Delusional Disorder: Types, Symptoms, and Treatment

Medically Reviewed by Poonam Sachdev on January 03, 2024
9 min read

Delusional disorder, previously called paranoid disorder, is a type of serious mental illness called a psychotic disorder. People who have it can’t tell what’s real from what is imagined.

Delusions are the main symptom of delusional disorder. They’re unshakable beliefs in something that isn’t true or based on reality. But that doesn’t mean they’re completely unrealistic. Delusional disorder can involve delusions that aren’t bizarre, having to do with situations that could happen in real life, like being followed, poisoned, deceived, conspired against, or loved from a distance. These delusions usually involve mistaken perceptions or experiences. But in reality, the situations are either not true at all or highly exaggerated.

A bizarre delusion, by contrast, is something that could never happen in real life, such as being cloned by aliens or having your thoughts broadcast on TV. A person who has such thoughts might be considered delusional with bizarre-type delusions.

People with delusional disorder often can continue to socialize and function normally, apart from the subject of their delusion, and generally do not behave in an obviously odd or bizarre manner. This is unlike people with other psychotic disorders, who also might have delusions as a symptom of their disorder. But in some cases, people with delusional disorder might become so preoccupied with their delusions that their lives are disrupted.

Although delusions might be a symptom of more common disorders, such as schizophrenia, delusional disorder itself is rather rare. Delusional disorder most often happens in middle to late life and is slightly more common in women than in men.

Delusion vs. hallucination

A person with a delusion believes something that isn't true no matter how much evidence you give to the contrary. For example, they may believe a family member is trying to poison them.

Hallucinations involve the senses – seeing, feeling, or hearing something that isn't there, for example. 

Delusional disorder vs. schizophrenia

Schizophrenia is a break with reality that may involve delusions or hallucinations but includes other symptoms too. People with schizophrenia can have trouble with personal and professional relationships or with controlling their thoughts and behaviors. People with delusional disorder usually have no symptoms of mental illness other than their delusion.

The diagnostic criteria for delusional disorder, according to the American Psychiatric Association DSM 5, is a person having delusions for over a month who otherwise seems mentally and emotionally unimpaired. Types of delusional disorder are based on the main theme of the delusion:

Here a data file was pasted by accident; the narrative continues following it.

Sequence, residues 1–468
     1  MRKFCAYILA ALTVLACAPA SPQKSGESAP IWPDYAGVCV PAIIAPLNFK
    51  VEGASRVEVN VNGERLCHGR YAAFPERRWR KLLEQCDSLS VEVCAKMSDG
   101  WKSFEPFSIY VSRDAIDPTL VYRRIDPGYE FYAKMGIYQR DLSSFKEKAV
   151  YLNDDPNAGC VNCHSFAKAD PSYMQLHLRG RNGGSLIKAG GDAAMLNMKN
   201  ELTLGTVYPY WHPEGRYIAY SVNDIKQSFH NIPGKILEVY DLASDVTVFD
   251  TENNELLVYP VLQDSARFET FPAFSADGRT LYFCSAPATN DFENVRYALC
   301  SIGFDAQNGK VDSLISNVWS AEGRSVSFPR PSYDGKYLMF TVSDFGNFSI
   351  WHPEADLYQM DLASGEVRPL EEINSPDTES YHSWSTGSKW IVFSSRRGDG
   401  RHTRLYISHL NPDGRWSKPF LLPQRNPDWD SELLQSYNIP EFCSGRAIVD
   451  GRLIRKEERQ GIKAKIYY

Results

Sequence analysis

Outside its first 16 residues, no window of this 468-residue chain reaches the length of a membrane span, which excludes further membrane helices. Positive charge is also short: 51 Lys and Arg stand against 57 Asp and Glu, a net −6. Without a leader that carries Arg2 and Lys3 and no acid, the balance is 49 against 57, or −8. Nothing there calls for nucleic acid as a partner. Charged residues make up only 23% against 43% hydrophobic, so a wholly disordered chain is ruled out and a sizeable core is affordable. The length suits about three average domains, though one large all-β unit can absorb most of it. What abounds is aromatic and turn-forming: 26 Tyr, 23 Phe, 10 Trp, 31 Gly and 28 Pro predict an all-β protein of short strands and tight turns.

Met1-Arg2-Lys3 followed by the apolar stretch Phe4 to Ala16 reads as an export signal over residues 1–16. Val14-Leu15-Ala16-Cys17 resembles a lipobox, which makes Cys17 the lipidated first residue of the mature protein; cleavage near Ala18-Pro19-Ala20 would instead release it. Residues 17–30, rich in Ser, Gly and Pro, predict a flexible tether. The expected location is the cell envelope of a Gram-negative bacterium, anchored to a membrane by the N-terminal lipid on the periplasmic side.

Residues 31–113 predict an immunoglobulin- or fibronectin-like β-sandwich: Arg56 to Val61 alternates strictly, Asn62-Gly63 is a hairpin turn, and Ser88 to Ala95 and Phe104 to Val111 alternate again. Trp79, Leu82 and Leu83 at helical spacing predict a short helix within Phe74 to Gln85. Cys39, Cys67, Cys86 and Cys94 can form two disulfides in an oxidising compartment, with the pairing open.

• Erotomanic: The person believes someone is in love with them and might try to contact that person. Often, it’s someone important or famous. This can lead to stalking behavior.
  • Grandiose: This person has an over-inflated sense of worth, power, knowledge, or identity. They could believe they have a great talent or made an important discovery.
  • Jealous: A person with delusional disorder jealous type believes their spouse or sexual partner is unfaithful.
  • Persecutory: Someone who has this believes they (or someone close to them) are being mistreated, or that someone is spying on them or planning to harm them. They might make repeated complaints to legal authorities.
  • Bizarre: These delusions involve believing something impossible in our reality, such as aliens taking over your friend's body.
  • Somatic: They believe they have a physical defect or medical problem.
  • Thought broadcasting: The idea that your thoughts are being transmitted and heard through public mediums like TV, radio, or the internet.
  • Thought insertion: The idea that thoughts are being imposed on you by outside forces.
  • Mixed: Two or more of the types of delusions listed above.
  • Unspecified: The primary type of delusion cannot be identified.


Symptoms usually include:

  • Non-bizarre delusions – these are the most obvious symptom
  • Cranky, angry, or low mood
  • Anxiety or depression
  • Hallucinations (seeing, hearing, or feeling things that aren’t really there) related to the delusion. For example, someone who believes they have an odor problem might smell a bad odor.
  • An inability to see the delusions as false or troublesome 
  • A belief that others are taking advantage of them
  • Mistrusting friends and family
  • Outsized reactions to perceived slights or harmless remarks and incidents
  • A tendency to hold grudges

Alcoholic delusions

To receive a diagnosis of delusional disorder, you must have delusions despite abusing drugs or alcohol, even though people with substance use disorders frequently have delusions. To heavy alcohol or drug users, delusions can seem magnified and may lead to excessive reactions or dangerous behaviors.

As with many other psychotic disorders, the exact cause of delusional disorder is not yet known. But researchers are looking at the role of genetic, biological, environmental, or psychological factors that make it more likely.

  • Genetic: The fact that delusional disorder is more common in people who have family members with delusional disorder or schizophrenia suggests genes may be involved. It is believed that, as with other mental disorders, a tendency to have delusional disorder might be passed on from parents to their children.
  • Biological: Researchers are studying how delusional disorders might happen when parts of the brain aren’t normal. Abnormal brain regions that control perception and thinking may be linked to the delusional symptoms.
  • Environmental/psychological: Evidence suggests that stress can trigger delusional disorder. Alcohol and drug abuse also might contribute to it. People who tend to be isolated, such as immigrants or those with poor sight and hearing, appear to be more likely to have delusional disorder.

If you have symptoms of delusional disorder, your doctor will likely give you a complete medical history and physical exam

Differential diagnoses

Although there are no lab tests to specifically diagnose delusional disorder, the doctor might use diagnostic tests, such as imaging studies or blood tests, to rule out physical or other psychiatric illnesses as the cause of the symptoms. These include: